And to help the agents, we're deploying technologies. [...] When agents can take advantage of cutting-edge equipment like overhead surveillance drones and infrared cameras, they can do a better job for all of us.

In Tucson, agents on the ground are directing unmanned aerial technology in the sky, and they're acting rapidly on illegal immigration or illegal activities they may see from the drones. In the months since these unmanned flights began, agents have intercepted a lot of drugs on the border that otherwise -- and people -- that otherwise might have made it through.

The legislation I signed last month provides $139 million to further upgrade the technology and bring a more unified, systematic approach to border enforcement. Again, I want to thank the members of the Congress. (Applause.)

In some places, the most effective way to secure the border is to construct physical barriers to entry. The legislation I signed last month includes $70 million to install and improve protective infrastructure across this border. In rural areas, we're funding the construction of new patrol roads to give our agents better access to the border, and new vehicle barriers to keep illegal immigrants from driving across the border.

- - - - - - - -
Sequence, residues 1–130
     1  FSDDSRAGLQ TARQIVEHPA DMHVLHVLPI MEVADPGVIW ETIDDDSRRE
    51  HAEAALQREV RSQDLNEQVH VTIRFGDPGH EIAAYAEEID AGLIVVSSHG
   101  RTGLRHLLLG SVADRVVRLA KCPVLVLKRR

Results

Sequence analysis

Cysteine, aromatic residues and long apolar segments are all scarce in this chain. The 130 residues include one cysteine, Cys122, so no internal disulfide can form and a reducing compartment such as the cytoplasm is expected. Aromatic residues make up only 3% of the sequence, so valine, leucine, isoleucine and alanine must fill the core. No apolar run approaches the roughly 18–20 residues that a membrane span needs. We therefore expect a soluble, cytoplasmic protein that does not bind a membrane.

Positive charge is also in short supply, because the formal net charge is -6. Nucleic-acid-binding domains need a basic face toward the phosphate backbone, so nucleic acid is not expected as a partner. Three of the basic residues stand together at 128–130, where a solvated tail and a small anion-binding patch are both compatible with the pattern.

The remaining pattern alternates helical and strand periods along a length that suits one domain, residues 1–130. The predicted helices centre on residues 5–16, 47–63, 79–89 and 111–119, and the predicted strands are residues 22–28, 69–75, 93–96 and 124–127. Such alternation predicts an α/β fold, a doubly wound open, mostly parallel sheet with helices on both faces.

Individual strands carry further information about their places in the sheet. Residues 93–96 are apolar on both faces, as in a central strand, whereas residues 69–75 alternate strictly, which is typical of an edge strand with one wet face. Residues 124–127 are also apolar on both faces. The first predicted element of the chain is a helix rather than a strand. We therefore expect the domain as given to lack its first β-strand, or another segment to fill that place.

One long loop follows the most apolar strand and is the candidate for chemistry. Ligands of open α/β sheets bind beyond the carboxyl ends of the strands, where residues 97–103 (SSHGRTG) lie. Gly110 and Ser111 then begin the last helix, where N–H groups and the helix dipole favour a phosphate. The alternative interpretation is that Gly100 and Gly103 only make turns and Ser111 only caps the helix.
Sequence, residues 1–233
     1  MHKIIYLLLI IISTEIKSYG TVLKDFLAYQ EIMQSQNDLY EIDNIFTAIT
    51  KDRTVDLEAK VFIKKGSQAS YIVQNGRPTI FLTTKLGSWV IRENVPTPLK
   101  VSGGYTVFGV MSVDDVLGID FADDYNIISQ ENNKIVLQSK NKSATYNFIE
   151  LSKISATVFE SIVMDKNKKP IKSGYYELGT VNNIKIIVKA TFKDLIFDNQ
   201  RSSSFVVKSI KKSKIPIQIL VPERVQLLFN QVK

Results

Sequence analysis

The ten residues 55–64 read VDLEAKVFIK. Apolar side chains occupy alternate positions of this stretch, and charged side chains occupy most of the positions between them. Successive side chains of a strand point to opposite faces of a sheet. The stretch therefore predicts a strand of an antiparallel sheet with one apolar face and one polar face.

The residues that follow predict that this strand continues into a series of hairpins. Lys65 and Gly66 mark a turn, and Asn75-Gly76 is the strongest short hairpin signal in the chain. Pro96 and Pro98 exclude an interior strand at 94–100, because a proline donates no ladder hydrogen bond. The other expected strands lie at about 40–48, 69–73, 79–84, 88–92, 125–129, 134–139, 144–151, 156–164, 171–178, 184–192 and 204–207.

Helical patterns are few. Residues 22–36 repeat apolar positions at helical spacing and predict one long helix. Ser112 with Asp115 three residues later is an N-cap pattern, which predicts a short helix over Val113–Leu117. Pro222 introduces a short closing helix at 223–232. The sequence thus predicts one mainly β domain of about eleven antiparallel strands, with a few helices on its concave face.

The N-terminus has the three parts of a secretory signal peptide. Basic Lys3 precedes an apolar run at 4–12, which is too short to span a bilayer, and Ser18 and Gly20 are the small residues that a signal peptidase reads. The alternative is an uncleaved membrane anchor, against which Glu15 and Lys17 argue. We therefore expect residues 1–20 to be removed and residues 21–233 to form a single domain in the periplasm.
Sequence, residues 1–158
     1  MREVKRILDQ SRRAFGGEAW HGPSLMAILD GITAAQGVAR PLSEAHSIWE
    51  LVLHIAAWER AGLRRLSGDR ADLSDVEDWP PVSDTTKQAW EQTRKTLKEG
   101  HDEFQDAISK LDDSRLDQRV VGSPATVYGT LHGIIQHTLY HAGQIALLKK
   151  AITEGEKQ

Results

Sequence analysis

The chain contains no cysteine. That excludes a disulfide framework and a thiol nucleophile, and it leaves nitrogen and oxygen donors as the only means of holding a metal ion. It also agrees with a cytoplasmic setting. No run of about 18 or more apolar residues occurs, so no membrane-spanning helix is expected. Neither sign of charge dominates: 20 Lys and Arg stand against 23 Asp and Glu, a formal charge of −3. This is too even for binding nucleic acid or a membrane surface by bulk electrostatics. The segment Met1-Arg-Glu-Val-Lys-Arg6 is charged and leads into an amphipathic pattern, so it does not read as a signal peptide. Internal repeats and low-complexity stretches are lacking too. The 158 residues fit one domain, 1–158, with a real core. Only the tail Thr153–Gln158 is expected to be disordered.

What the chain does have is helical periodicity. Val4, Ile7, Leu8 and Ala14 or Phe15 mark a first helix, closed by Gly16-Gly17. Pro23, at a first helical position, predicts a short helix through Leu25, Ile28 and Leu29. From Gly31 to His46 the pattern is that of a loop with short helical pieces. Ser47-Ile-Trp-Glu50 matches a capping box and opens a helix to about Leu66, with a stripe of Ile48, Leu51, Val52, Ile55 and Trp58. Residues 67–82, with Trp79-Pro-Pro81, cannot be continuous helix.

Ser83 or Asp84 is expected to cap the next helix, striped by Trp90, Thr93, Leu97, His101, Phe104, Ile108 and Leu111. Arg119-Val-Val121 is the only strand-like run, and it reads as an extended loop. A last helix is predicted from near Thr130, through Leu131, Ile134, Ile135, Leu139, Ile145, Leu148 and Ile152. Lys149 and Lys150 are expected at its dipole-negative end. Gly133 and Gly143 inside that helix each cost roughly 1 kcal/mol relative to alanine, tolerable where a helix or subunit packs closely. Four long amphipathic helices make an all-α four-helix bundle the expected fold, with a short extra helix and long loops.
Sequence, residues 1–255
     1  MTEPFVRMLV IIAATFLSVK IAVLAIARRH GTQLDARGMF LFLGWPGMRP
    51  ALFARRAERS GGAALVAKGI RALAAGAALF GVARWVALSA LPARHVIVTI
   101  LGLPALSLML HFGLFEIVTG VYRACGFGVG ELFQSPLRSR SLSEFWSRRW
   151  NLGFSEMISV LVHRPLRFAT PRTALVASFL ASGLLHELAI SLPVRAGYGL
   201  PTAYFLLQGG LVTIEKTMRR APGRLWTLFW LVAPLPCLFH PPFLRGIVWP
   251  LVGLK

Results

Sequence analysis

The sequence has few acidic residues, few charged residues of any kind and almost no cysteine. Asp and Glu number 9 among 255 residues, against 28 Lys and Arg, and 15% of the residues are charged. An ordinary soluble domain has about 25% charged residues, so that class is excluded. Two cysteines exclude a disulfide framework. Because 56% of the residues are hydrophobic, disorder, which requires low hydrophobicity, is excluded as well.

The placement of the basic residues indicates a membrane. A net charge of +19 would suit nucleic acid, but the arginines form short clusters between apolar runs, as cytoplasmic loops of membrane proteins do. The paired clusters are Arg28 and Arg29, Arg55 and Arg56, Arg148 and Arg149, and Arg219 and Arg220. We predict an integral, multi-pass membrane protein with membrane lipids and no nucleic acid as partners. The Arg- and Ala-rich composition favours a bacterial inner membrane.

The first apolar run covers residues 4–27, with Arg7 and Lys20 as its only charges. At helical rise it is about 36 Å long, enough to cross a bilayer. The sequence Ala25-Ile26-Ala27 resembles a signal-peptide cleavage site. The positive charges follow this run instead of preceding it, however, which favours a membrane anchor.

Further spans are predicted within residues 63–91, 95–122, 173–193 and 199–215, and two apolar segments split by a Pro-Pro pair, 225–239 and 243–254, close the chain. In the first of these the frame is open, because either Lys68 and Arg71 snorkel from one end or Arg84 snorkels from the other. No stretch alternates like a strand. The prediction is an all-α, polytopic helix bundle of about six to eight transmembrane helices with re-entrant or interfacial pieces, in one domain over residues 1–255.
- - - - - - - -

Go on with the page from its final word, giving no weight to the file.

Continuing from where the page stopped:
In urban areas, we're expanding fencing to shut down access to human smuggling corridors. Secretary Chertoff recently used authority granted by the Congress to order the completion of a 14-mile barrier near San Diego that had been held up because of lawsuits. By overcoming endless litigation to finish this vital project we're helping our border agents do their job, and making people who live close to the border more secure.

Our actions to integrate manpower, technology and infrastructure are getting results. And one of the best examples of success is the Arizona Border Control Initiative, which the government launched in 2004. In the first year of this initiative -- now, listen to this, listen how hard these people are working here -- agents in Arizona apprehended nearly 500,000 illegal immigrants, a 42-percent increase over the previous year. We've captured a half-million pounds of marijuana, prosecuted more than 400 people suspected of human smuggling, and seized more than $7 million in cash. You've got some good folks here working hard to do their job, and I appreciate it very much. (Applause.)

As we work to secure the border, comprehensive immigration reform also requires us to improve enforcement of our laws in the interior of the country. Catching and deporting illegal immigrants along the border is only part of the responsibility. America's immigration laws apply across all of America, and we will enforce those laws throughout our land. Better interior enforcement begins with better work site enforcement. American businesses have an obligation to abide by the law, and our government has the responsibility to help them do so. (Applause.)